A shuttle driver with wings: Bob Huron recounts his years as an Air Force pilot
March 16, 2019
STEAMBOAT SPRINGS — Hardly a minute goes by when Bob Huron doesn't think of the time.
He wore two watches on Friday — one a silver analog, the other a Fitbit that also tracks his steps — as he picked up and dropped off guests behind the wheel of a Steamboat Resort shuttle bus.
He has timed, to the second, how long it takes to get from his house to work. "When I drive out until I punch in is exactly 20 minutes," he said.
Huron is one of four military veterans who now works as a shuttle driver for the ski resort. He spent 21 years as a pilot in the Air Force, then another 13 flying corporate planes.
"I flew for 20,000 hours, 34 years and I didn't hurt anybody," he said proudly.
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Those decades made him a fiercely adherent to the ticks of the clock.
"Everything was set on time," he said. "If we were scheduled to take off at 8 a.m., we took off at 8 a.m.”
But his attention to time also acts as a reminder not to waste his own. It has invigorated him to accomplish his dreams and travel the world, never settling on a mediocre life.
A pilot from birth
Huron's accent has faded a bit, but his vowels still carry an unmistakable East Coast twang. He was born in the Bronx, but at age 3 his family moved across the Delaware River to North Arlington, New Jersey.
"We were 6 miles directly across from the Empire State Building," he said.
Ever since he can remember, he had a passion for flying. As a young boy, he would watch in awe as planes zoomed over his house on their way to or from the Newark Airport.
"I used to say, 'I'm going to do that some day,"' he said.
Eventually, he did.
Two years after high school, in 1965, he enlisted in the Air Force and was deployed to Vietnam.
Serving in the military had become a sort of family affair. His father, a World War II veteran, was among the second wave of troops who stormed Omaha Beach on D-Day, one of the bloodiest invasions in history.
"He always told me that if he was in the first wave, I wouldn't be here," Huron said.
The Air Force stationed him on a base just outside Saigon. He had to have a college degree before he could be a pilot, so he spent his year there loading and unloading aircraft.
When asked about his experience in the war, he replied simply, "You'd have to be there to understand it."
Immediately after returning to the U.S., he married his wife, Margaret. The two vowed that they would take turns going to college while the other worked. Huron graduated from Fort Lewis College in Durango, which allowed him to return to the Air Force and train to be the pilot he always dreamed.
For almost 11 years, he flew large, four-engine, military transport planes, shipping everything from cargo to troops around the world.
"You name it, we carried it," Huron said.
On a few occasions, he even transported the president's personal limousine.
"Back then it was President Carter's, I believe," he said. "The Secret Service wouldn't let you near it."
His job took him to 65 countries in almost every continent. As he gradually moved up the ranks, he took on more leadership roles, which also meant more hair-raising assignments.
One of his favorite memories of his service dates back to his time as a "select lead." He would head a formation of 15 to 20 aircraft, each full of soldiers, and dip his own plane down close enough to the ground so troops could parachute out.
"It was a kick in the pants to fly really low to the ground, then pop open the doors and everyone jumped out," he said, his eyes suddenly ablaze.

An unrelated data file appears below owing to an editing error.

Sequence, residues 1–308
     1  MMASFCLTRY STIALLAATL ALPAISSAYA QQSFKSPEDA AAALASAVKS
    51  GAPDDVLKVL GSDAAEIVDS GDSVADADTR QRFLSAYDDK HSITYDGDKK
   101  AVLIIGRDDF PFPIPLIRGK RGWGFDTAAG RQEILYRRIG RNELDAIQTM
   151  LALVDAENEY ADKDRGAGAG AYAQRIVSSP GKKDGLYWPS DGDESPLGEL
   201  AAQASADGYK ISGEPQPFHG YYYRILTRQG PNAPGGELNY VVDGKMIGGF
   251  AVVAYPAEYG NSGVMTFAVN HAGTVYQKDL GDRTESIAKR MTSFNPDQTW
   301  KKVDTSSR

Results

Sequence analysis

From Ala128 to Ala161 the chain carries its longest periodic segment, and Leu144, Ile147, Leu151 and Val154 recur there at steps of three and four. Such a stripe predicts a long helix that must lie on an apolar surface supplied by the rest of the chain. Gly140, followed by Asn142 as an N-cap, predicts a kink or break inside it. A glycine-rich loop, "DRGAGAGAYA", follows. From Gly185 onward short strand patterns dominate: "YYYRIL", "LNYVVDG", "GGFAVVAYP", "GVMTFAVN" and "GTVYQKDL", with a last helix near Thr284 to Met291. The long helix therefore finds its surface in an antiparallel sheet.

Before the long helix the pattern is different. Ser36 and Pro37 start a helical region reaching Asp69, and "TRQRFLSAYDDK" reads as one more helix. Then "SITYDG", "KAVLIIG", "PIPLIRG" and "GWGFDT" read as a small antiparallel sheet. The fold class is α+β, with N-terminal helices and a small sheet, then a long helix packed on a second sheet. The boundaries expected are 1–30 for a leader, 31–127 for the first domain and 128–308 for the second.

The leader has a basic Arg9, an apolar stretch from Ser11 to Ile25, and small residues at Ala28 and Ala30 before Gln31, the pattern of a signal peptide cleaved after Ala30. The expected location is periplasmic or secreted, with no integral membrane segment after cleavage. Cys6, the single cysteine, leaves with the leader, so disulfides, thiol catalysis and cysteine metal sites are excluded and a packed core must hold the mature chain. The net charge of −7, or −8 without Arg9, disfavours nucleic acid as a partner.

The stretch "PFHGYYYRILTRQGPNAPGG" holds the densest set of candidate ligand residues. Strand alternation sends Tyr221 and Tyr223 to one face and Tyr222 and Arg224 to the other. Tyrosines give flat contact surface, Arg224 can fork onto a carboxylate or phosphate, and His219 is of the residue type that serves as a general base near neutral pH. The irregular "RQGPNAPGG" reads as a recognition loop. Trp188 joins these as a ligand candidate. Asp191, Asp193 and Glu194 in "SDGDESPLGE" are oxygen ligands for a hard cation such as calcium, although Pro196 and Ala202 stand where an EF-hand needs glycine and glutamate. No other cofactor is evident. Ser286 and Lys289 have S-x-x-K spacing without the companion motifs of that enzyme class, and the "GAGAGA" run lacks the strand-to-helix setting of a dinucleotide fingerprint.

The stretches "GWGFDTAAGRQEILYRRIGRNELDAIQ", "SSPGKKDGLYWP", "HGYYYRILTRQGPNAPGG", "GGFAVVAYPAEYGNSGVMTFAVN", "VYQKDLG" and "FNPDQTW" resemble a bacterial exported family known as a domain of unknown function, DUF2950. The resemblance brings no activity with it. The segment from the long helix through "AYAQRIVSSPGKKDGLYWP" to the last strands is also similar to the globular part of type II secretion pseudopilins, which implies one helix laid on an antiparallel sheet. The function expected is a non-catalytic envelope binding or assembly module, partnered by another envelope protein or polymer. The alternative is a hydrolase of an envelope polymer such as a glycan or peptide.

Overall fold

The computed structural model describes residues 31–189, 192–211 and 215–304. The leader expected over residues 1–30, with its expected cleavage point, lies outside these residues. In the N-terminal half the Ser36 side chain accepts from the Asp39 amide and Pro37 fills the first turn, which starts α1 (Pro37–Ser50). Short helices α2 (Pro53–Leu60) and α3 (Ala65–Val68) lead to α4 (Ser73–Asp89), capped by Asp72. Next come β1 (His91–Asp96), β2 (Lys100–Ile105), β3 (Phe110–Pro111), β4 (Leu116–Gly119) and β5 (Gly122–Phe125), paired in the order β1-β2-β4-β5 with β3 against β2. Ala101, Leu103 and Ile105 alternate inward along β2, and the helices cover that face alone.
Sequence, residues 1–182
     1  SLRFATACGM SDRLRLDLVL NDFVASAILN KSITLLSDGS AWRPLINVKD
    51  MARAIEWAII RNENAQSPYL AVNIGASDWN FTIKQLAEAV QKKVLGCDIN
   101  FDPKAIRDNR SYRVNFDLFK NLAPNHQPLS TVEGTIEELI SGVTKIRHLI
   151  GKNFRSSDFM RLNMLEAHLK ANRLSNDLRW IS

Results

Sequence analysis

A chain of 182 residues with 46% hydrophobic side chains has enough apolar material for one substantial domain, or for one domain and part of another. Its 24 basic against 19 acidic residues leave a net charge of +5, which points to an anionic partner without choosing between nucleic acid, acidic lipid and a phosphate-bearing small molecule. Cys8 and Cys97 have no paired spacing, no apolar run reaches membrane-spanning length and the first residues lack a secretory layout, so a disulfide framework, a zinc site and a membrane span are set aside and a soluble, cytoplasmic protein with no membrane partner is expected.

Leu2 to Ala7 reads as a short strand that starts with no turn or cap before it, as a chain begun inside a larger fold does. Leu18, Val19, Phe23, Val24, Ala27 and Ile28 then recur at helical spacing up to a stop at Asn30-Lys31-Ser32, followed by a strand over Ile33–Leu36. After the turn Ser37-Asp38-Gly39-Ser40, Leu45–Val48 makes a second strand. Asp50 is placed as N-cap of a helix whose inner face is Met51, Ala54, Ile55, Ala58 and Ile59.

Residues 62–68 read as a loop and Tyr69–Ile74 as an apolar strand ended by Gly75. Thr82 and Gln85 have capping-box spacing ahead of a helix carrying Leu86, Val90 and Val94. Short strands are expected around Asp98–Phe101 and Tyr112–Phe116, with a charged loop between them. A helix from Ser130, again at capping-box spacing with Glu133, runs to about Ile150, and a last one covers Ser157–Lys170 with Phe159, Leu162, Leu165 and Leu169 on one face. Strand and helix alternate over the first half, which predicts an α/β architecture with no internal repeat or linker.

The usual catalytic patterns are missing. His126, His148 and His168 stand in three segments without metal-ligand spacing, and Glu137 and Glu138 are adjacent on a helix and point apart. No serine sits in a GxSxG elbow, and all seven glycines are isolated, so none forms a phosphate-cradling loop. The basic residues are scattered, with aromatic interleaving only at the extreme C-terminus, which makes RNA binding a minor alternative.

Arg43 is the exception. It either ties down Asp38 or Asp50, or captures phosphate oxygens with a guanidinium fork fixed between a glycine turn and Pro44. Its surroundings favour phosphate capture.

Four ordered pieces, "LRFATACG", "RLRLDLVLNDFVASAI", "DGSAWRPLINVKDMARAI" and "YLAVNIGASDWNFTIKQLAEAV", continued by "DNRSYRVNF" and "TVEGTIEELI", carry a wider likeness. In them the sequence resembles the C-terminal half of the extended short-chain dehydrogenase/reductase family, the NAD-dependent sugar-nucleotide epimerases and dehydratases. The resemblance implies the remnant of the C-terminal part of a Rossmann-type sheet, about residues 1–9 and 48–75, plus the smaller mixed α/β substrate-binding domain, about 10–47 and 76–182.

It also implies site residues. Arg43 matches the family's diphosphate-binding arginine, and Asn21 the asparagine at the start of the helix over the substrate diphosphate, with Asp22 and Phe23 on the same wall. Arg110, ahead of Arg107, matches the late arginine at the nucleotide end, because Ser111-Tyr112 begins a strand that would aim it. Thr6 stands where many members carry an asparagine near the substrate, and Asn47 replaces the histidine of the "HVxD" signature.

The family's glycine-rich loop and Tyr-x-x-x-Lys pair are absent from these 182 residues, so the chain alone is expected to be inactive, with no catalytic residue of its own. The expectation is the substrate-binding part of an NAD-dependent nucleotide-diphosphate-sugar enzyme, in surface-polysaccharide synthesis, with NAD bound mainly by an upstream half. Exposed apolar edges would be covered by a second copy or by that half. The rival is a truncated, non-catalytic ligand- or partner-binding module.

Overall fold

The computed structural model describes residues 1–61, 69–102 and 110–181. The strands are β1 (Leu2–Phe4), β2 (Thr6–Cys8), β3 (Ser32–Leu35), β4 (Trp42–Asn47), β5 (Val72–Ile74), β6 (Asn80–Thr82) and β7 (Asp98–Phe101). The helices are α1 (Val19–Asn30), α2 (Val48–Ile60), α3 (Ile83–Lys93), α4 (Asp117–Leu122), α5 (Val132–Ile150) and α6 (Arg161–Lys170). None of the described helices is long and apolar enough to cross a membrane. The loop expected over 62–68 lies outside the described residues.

From open skies to high peaks
Even after he completed his active duty — he would eventually retire as a major from the Air Force — Huron loved flying too much to give up his wings. He took a job as a commercial pilot based in Houston, Texas, but a colleague recommended that he get a second place in Steamboat.
Huron and his wife had lived in Durango while he attended Fort Lewis College and ever since had wanted to return Colorado. In 1983 they dipped their toes as part-timers in Steamboat, spending a few weeks during the summer and the winter in a townhome.
It didn't take long for the Yampa Valley curse to take hold.
"We got hooked on the place," he said, and they moved permanently in 2008.
Now fully retired as a pilot, Huron continues to work for the resort mostly to prevent boredom. Working on Saturdays, which he does every weekend, has given him a steady dose of excitement this year.
"If you've been here on a Saturday, you know what I'm talking about," he said.
On those days, the Meadows Parking Lot can fill up well before noon. Huron claims that as a result, he has had to drive to overflow lots more often this season than ever before. He attributes it on the new Ikon Pass.
The Saturday of Mardi Gras weekend marked an especially hectic day. A heavy snowstorm wreaked slushy havoc on the roads. Multiple cars got stuck, which caused a fellow shuttle driver to lodge his bus into the snow.
"On top of all that, I saw four city buses get stuck," Huron added.
The traffic jams backed up the line for the shuttle, which stretched all the way to the Wildhorse Gondola by the afternoon.
Though he no longer takes the pilot’s seat, Huron and his wife still enjoy traveling. It helps that he accumulated more than 3.5 million Marriott points and another hefty sum of airline miles from his decades-long career.
"For the last 11 years we've been traveling all over the world basically for free," he said. As for all those points, "I've just about run out.”
With eyes to the horizon, Huron said he wants to continue exploring as much of the world as he can, this time closer to the ground. He plans to take a river cruise through Europe in the near future, something he has wanted to do for a while.
He laughed "Of course, we'll have to actually pay for it now."